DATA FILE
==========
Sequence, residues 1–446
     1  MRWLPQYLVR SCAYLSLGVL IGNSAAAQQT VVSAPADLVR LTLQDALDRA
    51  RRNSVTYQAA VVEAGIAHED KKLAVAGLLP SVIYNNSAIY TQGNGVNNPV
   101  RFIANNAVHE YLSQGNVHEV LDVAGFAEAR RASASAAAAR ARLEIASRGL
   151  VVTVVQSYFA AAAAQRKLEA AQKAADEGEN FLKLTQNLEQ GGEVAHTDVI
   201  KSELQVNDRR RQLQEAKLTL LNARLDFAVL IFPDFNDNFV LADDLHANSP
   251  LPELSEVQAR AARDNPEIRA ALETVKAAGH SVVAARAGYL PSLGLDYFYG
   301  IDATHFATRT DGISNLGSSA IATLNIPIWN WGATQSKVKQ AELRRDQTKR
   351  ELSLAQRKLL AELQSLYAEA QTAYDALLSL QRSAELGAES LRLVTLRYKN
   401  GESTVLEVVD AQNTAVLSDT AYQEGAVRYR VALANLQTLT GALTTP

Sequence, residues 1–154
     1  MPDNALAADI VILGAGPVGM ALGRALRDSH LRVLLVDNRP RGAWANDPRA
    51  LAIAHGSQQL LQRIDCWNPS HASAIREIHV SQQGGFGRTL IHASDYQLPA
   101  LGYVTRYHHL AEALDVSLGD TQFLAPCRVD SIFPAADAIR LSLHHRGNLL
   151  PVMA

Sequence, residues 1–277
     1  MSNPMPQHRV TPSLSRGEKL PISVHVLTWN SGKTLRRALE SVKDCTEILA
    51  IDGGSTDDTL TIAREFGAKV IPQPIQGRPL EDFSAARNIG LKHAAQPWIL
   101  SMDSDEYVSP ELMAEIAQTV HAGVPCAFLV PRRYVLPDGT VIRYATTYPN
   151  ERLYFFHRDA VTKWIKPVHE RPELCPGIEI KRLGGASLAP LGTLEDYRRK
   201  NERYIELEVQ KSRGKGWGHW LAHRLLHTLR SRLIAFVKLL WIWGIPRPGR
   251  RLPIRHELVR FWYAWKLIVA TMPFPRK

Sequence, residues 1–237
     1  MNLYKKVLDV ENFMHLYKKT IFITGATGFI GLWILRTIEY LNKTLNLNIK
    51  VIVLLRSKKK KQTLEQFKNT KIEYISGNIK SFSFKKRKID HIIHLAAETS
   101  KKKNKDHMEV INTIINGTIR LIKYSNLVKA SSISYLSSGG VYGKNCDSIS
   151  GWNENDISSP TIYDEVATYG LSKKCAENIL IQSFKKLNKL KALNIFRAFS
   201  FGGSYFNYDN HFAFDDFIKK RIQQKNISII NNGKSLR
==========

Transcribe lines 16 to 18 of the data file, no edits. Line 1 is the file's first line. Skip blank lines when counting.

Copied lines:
Sequence, residues 1–277
     1  MSNPMPQHRV TPSLSRGEKL PISVHVLTWN SGKTLRRALE SVKDCTEILA
    51  IDGGSTDDTL TIAREFGAKV IPQPIQGRPL EDFSAARNIG LKHAAQPWIL